Carabiner Specifications

There is a standard language used in the technical specifications of carabiners but this is not well understood. This article is an attempt to clarify some common markings that appear on carabiners.  It should be noted that there is significant industry and international variation in the common use of these terms.
CarabinerMarking

Direction of pull arrows

This image from the UIAA (http://www.theuiaa.org/upload_area/files/1/UIAA121-Connectors_2.jpg) demonstrates the test methods for the ratings typically seen on carabiners.

UIAA121-Connectors_2

There are typically three sets of arrows indicating strength when pull tested between parallel pairs of round pins for:

  • Gate closed, long axis strength when pulled between 12mm pins.
  • Gate open, long axis strength when pulled between 12mm pins.
  • Gate closed, short axis strength when pulled between 10mm pins.

The stated values are only for these test conditions and these will differ once slings or other hardware are used in place of these pins.

30kN

Values such as 30kN indicate a tensile force in kilo-Newtons (kN).  It most commonly refers to the MBS for a specific direction of pull.  Users often find it easier to convert this force value to an equivalent suspended static mass value.  To achieve this, convert 30kN to 30,000N.  Given the relationship Force = Mass x Acceleration, dividing 30,000N by 10 (approx. 9.81 m/s/s for acceleration due to gravity) produces the static equivalent mass of 3,000kg.

MBS & 3 sigma

The Minimum Breaking Strength (MBS) is a statistically derived value and is poorly understood.

If 100 carabiners are submitted for destructive testing then the measured strengths will vary considerably.  Inconsistencies in the manufacturing process may result in larger variations.  The batch test results can be plotted on a histogram showing the probability of breaking at particular strengths and this curve should approximate a “normal distribution” or “bell curve”.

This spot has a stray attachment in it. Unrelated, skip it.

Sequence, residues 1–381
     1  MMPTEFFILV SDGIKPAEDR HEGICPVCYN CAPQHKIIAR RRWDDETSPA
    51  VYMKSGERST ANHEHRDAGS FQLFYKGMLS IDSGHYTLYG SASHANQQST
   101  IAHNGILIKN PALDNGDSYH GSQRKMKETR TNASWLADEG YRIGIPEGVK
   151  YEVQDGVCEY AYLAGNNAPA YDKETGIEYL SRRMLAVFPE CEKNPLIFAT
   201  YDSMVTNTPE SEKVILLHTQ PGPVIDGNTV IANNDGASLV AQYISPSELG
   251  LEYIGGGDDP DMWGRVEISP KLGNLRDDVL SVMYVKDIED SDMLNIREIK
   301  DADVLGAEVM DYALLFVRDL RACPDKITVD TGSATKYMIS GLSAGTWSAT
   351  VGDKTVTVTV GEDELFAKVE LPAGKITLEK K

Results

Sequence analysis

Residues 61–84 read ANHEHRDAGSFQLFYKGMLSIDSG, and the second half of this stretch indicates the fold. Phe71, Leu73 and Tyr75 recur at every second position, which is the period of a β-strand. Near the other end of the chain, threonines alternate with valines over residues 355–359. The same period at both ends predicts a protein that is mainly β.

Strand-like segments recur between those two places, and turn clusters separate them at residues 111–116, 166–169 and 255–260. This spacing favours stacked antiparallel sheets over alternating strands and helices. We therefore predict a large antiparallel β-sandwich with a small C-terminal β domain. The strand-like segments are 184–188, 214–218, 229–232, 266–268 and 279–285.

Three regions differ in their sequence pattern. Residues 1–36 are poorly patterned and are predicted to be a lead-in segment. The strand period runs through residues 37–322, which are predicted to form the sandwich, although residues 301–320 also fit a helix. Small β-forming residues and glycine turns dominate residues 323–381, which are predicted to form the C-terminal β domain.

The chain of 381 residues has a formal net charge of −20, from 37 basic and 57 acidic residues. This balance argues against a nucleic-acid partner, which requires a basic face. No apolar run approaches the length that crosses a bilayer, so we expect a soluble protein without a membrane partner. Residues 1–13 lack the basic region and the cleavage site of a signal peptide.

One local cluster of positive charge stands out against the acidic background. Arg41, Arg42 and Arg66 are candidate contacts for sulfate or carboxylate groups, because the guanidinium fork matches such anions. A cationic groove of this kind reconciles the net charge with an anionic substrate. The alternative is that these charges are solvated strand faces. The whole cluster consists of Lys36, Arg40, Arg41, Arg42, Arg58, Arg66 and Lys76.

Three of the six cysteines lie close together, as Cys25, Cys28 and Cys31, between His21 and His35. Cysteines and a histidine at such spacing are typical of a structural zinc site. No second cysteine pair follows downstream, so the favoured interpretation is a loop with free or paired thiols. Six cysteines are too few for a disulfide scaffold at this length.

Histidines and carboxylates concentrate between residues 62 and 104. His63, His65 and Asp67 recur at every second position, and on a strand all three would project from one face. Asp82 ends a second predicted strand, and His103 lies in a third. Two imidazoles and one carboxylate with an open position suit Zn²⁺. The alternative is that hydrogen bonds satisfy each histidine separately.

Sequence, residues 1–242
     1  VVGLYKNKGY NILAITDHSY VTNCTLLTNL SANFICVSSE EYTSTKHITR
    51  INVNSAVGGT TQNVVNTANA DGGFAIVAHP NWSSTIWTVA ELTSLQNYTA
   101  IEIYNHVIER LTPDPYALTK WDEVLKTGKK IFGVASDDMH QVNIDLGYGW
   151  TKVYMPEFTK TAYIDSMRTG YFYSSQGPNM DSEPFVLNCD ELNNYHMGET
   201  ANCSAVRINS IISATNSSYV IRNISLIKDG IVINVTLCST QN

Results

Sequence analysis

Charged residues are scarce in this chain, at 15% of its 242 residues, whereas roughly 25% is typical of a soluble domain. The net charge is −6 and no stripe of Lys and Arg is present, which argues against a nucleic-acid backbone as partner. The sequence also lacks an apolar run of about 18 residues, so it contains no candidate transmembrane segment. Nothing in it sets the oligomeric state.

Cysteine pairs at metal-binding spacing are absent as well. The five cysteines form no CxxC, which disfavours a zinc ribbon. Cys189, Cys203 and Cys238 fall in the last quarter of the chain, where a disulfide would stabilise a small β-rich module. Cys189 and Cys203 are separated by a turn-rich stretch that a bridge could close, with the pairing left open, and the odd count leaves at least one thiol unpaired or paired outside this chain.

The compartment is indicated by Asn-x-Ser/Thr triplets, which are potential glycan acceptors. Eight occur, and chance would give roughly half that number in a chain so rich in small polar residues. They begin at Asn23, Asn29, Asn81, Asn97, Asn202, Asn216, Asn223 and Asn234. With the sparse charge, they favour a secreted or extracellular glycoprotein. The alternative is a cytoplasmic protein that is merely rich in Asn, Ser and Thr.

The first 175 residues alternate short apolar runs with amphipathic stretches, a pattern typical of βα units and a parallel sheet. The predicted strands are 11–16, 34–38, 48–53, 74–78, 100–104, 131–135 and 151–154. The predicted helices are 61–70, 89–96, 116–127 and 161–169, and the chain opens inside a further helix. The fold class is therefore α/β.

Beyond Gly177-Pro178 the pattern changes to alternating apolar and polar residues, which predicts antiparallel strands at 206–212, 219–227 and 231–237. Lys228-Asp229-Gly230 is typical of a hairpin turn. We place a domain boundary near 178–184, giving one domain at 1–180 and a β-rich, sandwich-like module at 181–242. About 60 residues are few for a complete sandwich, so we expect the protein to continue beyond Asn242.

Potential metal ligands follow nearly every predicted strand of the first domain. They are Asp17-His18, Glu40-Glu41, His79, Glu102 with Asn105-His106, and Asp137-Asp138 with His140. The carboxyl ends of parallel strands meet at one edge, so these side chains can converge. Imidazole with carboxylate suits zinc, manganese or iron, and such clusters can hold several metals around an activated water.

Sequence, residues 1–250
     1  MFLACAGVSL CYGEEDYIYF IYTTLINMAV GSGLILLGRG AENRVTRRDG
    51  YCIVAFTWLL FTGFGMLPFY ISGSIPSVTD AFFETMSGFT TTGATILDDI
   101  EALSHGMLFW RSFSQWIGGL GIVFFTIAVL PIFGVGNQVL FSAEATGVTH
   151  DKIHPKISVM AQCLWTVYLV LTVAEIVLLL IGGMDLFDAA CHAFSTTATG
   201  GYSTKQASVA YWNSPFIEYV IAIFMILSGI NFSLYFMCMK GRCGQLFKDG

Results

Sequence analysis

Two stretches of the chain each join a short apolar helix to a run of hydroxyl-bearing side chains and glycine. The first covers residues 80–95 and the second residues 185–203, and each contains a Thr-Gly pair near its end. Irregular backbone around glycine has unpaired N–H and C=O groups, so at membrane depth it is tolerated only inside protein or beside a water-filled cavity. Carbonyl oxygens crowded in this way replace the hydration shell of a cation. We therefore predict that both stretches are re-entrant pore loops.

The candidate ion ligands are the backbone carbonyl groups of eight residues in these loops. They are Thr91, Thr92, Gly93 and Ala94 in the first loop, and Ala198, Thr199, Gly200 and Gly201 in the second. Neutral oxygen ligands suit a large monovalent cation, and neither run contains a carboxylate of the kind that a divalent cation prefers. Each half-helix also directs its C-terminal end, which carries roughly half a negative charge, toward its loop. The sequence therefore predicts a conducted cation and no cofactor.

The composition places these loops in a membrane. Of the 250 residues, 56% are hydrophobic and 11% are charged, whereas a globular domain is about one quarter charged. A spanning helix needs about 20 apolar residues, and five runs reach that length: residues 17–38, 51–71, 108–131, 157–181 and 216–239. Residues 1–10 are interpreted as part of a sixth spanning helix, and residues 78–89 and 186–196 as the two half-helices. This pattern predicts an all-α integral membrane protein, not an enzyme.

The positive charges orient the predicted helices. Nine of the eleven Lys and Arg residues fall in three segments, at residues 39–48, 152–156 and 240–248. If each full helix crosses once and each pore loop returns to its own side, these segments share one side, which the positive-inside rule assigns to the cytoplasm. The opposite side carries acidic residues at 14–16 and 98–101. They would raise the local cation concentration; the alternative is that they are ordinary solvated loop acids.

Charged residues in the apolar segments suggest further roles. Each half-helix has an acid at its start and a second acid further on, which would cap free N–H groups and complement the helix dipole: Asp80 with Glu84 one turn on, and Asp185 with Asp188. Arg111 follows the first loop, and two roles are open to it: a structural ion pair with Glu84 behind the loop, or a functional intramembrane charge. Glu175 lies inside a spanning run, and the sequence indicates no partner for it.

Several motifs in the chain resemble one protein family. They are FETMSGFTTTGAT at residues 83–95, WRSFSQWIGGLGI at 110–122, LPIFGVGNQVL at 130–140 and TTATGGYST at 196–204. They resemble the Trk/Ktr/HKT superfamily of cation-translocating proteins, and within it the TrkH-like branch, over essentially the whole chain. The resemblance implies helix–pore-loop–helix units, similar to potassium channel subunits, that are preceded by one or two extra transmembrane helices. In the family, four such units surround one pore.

The width of the curve is characterised by the “standard deviation” or σ (sigma).  3σ for a normal distribution indicates that 99.7% of samples should lie within the range of  (mean – 3σ) to (mean + 3σ).  Smaller values for σ indicate that samples are more likely to be close to the average, or mean value.

Many carabiner manufacturers state that they use “3-sigma” to determine their MBS values.  This means that the MBS is actually the mean breaking strength less 3 times the standard deviation (3σ).

MBS = mean - 3sigma

Statistically, this also means that 0.3% of samples will lie outside this range and therefore half of these (0.15% or 1.5 in every thousand) may break below the MBS stamped on the carabiner.

3sCurves

The curves above show three scenarios, each with a mean tested value of 30kN.  Click on the image to see an enlarged version.

  1. σ = 0.5kN. MBS = mean – 3σ = 30kN – 3 x 0.5kN = 28.5kN
  2. σ = 1.0kN. MBS = mean – 3σ = 30kN – 3 x 1.0kN = 27.0kN
  3. σ = 1.5kN. MBS = mean – 3σ = 30kN – 3 x 1.5kN = 25.5kN

Even though the mean value for all tests was 30kN, the MBS for each batch is quite different.

With more and more people undertaking their own testing, it is important to acknowledge that measured values well above the MBS do not necessarily correspond to a well manufactured product.  In fact 99.7% of test samples should break above the MBS.  If the test samples are from a well controlled manufacturing process with a small σ value, then measured values may not be much above the MBS.  If, however, the recorded values are well above the MBS then this may indicate a large σ value, and thus a conservative MBS to cover a poor process.

Maximum acceptable load in normal use